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Phosphates, Phosphorus

Phosphate is an intracellular ion and is derived from salt of phosphorus. Phosphates are the most common form of phosphorous. Phosphorous is a mineral widely spread in many foods like peas, dried beans, milk, cheese, colas, nuts and peanut butter. Phosphorus is an important mineral that makes to 1% of our total body weight and plays vital functions in the body like maintaining calcium balance, energy metabolism and storage, buffer body fluids, formation of healthy bones, teeth and soft tissues (85% of body phosphorus is found in bones and teeth), proper muscle and nerve function and hydrogen ion excretion from kidneys. Low levels of phosphate in diet can lead to hypophosphatemia which can cause long term serious complications.
On the other hand in conditions like compromised kidney function there might be serious electrolyte imbalances due to excess phosphorus levels in blood.

Phosphate supplements are given to those who are unable to get enough phosphorus from their regular diet due to some disease or illness. Phosphates are used for hyperphosphatemia, hypercalcemia treatment, to prevent formation of calcium stones in the kidneys, constipation (oral form as well as enema), diabetic ketoacidosis cure, laxative or preparing bowel before any procedures. Phosphate can be administered intravenously to prevent refeeding syndrome in patients with anorexia nervosa where the period of malnutrition or starvation is long. Replacement of phosphorus is required in burns patients due to severe losses. Patients with multiple sclerosis and vitamin D resistant rickets may also benefit from phosphate supplements.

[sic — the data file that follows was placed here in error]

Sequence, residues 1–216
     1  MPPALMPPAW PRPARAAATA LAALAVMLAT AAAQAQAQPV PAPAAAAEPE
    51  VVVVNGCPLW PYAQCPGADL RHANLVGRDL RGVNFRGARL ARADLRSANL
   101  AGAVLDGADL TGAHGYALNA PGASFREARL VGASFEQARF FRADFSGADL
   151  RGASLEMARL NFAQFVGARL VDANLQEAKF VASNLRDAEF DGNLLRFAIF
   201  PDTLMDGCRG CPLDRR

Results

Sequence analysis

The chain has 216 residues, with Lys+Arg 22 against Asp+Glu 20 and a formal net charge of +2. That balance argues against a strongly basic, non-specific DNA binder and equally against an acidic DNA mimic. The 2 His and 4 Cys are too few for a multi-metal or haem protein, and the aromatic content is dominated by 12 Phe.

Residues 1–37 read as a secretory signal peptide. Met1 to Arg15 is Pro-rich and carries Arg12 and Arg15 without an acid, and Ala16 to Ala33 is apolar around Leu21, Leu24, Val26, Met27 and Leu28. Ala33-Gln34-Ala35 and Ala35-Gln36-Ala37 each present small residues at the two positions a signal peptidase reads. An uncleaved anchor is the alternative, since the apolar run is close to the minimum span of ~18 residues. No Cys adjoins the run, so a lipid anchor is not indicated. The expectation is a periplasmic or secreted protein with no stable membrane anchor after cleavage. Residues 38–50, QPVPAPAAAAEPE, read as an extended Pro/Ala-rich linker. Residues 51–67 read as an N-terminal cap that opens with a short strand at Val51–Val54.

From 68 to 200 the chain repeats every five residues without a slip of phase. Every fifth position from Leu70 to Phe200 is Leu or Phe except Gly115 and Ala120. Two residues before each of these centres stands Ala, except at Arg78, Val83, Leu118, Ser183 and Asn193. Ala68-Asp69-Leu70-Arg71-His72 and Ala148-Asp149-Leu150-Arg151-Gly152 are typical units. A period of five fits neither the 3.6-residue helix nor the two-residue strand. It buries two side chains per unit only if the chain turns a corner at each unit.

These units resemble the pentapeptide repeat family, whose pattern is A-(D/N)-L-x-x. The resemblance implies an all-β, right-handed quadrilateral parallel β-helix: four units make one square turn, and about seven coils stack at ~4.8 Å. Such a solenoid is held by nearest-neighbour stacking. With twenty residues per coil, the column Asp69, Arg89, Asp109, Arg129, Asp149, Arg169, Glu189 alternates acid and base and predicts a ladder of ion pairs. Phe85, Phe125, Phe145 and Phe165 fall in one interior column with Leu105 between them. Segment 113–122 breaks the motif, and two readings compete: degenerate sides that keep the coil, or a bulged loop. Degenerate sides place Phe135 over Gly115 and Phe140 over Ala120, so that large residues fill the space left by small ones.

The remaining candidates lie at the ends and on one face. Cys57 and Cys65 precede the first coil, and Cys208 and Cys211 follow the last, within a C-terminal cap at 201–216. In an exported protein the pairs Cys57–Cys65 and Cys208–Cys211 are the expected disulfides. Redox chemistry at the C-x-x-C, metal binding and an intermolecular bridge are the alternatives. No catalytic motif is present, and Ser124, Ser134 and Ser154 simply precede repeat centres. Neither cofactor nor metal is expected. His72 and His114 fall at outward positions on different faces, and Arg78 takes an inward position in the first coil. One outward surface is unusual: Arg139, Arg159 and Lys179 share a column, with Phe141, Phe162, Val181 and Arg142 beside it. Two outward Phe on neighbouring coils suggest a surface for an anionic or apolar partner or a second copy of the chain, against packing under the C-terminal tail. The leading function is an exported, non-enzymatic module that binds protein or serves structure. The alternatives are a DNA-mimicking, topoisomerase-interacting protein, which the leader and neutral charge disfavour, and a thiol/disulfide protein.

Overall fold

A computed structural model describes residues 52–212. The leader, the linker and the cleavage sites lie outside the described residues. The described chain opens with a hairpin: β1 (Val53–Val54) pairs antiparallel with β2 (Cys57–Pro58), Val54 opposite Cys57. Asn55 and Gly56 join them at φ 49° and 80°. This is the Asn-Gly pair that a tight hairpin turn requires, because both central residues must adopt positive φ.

Phosphates should be administered in appropriate doses as excess can cause toxicity and potentially serious problems. These include hypocalcemia (low calcium blood levels), hyperphosphatemia (high phosphorus blood levels), hypomagnesemia (low magnesium blood levels), or hypokalemia (low potassium levels). Severe hypotension (low blood pressure), dehydration, acute kidney failure, metabolic acidosis or calcification of non-skeletal tissues (particularly in the kidneys) can also occur.

Those at increased risk of electrolyte imbalance should take phosphates (oral, rectal, or intravenous phosphates) with caution. Rare or late complications may include confusion, abdominal pain, tongue coating, foul breath, vomiting, limb aches, convulsions (seizures), yellow conjunctivae (whites of the eyes), headache, tingling, pain, dizziness, numbness, muscle cramps, weakness, anxiety, increased thirst, bloody vomiting and diarrhea or fatigue. Management of toxicity is very important, this may include hourly doses of Epsom salts in water, oxygen inhalation, camphor, old oil of turpentine or potassium permanganate and external heat has been recommended.
Phosphorus and phosphate supplements should be taken in recommended amounts under the guidance and supervision of a health care professional as it has to be monitored carefully and may even interact with certain drugs, herbal or dietary supplements.

Submitted on January 16, 2014